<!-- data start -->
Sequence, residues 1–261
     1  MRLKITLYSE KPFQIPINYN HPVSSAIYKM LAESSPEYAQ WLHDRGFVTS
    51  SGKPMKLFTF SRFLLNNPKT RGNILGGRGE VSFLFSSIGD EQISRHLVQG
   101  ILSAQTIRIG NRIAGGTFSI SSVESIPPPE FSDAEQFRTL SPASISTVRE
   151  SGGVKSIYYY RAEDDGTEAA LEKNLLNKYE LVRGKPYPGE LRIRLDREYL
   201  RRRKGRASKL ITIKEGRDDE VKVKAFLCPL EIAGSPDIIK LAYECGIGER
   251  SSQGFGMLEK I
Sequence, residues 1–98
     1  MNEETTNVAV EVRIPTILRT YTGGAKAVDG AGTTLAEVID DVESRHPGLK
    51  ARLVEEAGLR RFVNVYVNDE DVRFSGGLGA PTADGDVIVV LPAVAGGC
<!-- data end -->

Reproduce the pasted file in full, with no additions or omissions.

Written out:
Sequence, residues 1–261
     1  MRLKITLYSE KPFQIPINYN HPVSSAIYKM LAESSPEYAQ WLHDRGFVTS
    51  SGKPMKLFTF SRFLLNNPKT RGNILGGRGE VSFLFSSIGD EQISRHLVQG
   101  ILSAQTIRIG NRIAGGTFSI SSVESIPPPE FSDAEQFRTL SPASISTVRE
   151  SGGVKSIYYY RAEDDGTEAA LEKNLLNKYE LVRGKPYPGE LRIRLDREYL
   201  RRRKGRASKL ITIKEGRDDE VKVKAFLCPL EIAGSPDIIK LAYECGIGER
   251  SSQGFGMLEK I
Sequence, residues 1–98
     1  MNEETTNVAV EVRIPTILRT YTGGAKAVDG AGTTLAEVID DVESRHPGLK
    51  ARLVEEAGLR RFVNVYVNDE DVRFSGGLGA PTADGDVIVV LPAVAGGC